Cut adrift at the end of Europe’s migrant trail
Do Europeans see themselves providing a haven from war or are they hoping the refugee problem will some day go away?
Migrants arriving at the port of Algeciras in southern Spain this week. They were rescued from 17 dinghies intercepted in the Strait of Gibraltar. Photograph: Reuters/Jon Nazca
Abu Abdo from Syria doesn’t care much about the rise of the far-right in Europe. That the supermarket nearest to where he lives, the Vial refugee camp on Greece’s Chios island, is a two-hour walk is not a major concern. The former taxi driver is simply glad to be alive: this past spring five missiles fired from Turkish jets demolished his home in Afrin. The city in northern Syria was occupied by pro-Turkish Syrian rebels in March, forcing tens of thousands of Kurds such as himself to flee. All around him in Vial camp are people relaying similar tragedies, voicing the same pleas.
I recently travelled 3,500km along Europe’s migrant trail from eastern Turkey to rural Austria. I wanted to see what has changed for people and places along the route since more than a million desperate people entered the continent in 2015. Aboard boats and trains, and on the streets of Turkey, Greece, Serbia, Hungary and Austria, the overwhelming sense among refugees and host communities alike is that they have been cut adrift.
On Chios and on half a dozen other Greek islands 17,137 refugees are today stuck in limbo. In Italy and Spain tens of thousands more languish in camps, often close to residential communities whose infrastructure is capable of catering for no more than a few thousand holidaymakers.
Outside the Vial camp on Chios, a local resident named Despina mans a colourful protest of Greek and EU politicians next to an elderly man who owns land adjacent to the camp. The landowner says he can’t grow crops because sewage from the camp has poisoned the soil.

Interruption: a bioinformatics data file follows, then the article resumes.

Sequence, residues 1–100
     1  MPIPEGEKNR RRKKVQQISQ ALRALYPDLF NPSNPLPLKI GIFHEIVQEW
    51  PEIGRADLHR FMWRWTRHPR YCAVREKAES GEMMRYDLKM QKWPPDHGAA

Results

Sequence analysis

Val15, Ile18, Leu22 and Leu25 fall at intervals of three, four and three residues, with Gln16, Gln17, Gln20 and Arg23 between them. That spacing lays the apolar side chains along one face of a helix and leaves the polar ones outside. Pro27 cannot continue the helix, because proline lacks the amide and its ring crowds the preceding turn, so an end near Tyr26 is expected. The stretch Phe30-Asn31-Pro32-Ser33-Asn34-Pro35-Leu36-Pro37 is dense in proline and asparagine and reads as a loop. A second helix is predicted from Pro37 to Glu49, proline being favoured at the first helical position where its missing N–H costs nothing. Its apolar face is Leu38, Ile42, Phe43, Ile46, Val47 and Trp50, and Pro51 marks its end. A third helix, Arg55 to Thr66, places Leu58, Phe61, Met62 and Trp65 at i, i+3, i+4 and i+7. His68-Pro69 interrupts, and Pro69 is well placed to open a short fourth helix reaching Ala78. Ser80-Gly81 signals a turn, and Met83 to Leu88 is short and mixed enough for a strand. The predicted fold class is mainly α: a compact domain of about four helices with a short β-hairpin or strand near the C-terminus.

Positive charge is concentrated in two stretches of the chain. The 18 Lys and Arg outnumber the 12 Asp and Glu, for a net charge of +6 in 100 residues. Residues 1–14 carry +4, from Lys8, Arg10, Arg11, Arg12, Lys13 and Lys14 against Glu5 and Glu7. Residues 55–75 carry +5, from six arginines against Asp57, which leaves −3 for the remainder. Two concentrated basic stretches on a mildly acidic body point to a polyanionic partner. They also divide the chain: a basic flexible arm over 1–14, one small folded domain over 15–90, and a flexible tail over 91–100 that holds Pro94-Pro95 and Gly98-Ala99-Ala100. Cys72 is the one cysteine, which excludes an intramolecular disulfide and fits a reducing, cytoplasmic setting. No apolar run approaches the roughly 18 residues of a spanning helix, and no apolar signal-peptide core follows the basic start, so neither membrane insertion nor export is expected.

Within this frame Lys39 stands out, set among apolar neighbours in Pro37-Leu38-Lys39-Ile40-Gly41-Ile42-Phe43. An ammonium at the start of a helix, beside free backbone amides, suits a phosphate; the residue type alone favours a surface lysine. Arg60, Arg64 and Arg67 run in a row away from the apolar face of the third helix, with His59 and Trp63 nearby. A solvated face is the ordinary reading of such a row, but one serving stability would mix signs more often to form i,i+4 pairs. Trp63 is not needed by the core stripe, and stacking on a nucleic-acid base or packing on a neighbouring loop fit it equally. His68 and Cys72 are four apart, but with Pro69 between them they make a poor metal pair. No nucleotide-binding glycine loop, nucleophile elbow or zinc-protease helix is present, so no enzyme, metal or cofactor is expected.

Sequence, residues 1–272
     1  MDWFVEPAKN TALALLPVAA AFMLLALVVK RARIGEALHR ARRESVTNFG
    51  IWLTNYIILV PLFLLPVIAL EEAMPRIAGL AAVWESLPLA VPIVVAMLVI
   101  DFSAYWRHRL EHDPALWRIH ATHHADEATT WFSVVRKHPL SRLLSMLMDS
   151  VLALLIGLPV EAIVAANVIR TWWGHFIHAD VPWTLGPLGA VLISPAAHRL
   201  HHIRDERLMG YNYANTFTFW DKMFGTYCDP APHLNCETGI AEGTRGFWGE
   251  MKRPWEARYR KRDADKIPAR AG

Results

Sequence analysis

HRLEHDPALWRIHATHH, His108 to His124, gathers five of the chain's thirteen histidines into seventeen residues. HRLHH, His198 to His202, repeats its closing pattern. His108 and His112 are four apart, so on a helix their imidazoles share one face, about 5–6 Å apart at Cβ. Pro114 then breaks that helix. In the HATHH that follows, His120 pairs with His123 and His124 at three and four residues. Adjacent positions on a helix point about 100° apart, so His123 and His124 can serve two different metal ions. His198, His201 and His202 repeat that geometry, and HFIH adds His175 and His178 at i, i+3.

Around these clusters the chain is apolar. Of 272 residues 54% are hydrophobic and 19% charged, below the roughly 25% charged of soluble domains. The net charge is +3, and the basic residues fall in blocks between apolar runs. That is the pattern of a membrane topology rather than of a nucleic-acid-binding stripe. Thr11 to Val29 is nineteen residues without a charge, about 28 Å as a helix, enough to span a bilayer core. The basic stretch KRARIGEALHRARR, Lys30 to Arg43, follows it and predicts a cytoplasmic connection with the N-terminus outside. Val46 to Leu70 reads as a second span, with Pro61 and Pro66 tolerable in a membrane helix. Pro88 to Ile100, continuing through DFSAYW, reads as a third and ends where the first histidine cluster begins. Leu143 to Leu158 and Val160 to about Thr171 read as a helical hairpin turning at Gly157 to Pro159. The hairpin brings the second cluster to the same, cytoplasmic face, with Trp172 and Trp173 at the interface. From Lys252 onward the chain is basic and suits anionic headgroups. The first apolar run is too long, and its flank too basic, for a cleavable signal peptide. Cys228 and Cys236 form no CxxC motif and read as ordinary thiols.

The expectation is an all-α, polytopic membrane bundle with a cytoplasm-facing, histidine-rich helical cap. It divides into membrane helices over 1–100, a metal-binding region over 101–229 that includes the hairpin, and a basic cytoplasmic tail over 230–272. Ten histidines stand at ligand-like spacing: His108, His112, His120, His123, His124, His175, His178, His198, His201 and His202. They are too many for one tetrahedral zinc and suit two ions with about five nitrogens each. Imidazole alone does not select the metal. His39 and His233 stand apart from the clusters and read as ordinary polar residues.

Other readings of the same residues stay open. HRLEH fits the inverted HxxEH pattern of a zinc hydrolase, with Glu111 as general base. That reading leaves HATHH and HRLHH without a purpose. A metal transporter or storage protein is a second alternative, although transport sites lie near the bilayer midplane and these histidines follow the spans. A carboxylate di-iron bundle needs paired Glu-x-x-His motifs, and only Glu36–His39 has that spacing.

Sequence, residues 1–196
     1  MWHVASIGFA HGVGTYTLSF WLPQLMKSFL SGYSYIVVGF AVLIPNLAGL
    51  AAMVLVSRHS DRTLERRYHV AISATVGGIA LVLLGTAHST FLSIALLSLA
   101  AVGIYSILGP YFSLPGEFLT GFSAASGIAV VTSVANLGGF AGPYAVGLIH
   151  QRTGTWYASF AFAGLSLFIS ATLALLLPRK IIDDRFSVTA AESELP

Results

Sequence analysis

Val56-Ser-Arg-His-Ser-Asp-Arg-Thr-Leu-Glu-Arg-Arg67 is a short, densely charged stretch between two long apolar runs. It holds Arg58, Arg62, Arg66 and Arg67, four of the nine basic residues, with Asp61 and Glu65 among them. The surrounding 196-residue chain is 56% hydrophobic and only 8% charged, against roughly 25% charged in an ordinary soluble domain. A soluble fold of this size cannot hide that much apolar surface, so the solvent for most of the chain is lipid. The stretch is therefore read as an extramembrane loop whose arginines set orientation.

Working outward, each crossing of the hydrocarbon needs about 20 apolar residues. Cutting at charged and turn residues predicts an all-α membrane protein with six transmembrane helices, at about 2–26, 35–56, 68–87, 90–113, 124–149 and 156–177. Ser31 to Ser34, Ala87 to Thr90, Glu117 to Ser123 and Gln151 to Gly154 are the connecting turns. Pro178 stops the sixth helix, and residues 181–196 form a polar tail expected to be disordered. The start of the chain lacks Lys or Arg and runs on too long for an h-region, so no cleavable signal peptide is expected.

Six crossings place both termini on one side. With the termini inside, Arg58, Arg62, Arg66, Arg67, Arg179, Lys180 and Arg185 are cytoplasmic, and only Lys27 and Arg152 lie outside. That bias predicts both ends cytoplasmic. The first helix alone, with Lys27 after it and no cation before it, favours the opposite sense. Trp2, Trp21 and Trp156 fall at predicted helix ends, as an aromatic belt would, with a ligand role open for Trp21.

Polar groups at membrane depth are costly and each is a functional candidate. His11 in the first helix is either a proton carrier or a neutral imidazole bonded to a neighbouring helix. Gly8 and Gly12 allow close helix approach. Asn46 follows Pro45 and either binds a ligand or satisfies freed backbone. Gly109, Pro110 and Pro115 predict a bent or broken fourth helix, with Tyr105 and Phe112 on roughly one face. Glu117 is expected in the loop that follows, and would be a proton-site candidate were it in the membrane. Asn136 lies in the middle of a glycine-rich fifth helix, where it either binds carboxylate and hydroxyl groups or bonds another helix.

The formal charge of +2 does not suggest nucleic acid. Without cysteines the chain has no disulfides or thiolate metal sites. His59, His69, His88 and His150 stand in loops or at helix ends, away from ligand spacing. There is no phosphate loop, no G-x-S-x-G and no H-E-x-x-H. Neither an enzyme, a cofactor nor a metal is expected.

Points along the migrant trail also throw up stories of hope and charity. Volunteers on Chios and in Belgrade continue to run support networks for recent arrivals, while a start-up in Vienna is employing refugees to give city walking tours that show day-to-day life for refugees.
Many Europeans regard the arrivals in a positive light: that they are an entire cohort of people ready to contribute to states’ tax coffers and fuel economic activity.
Yet the success stories are counterweighed by widely-held fears among both refugees and citizens of the Balkans and central Europe. From Turkey to Austria, refugees are struggling with increasing cuts to their already meagre state contributions.
The psychological toll of fleeing war makes the challenge of integrating into a new society all the more difficult. A Syrian couple I met in Austria are still haunted by images of their kitchen, bedrooms and neighbourhood streets in southern Damascus reduced to rubble during the purging of Isis from their district in May. Others say that opportunities to integrate are limited, particularly for adults.
The refugees’ presence in Europe has exposed people’s fears and prejudices
For refugees still awaiting official clearance to work, attending language classes is often an important outlet from which to escape the grind of domestic life. But the classroom environment doesn’t facilitate integration because the classmates they’re interacting with are refugees just like themselves.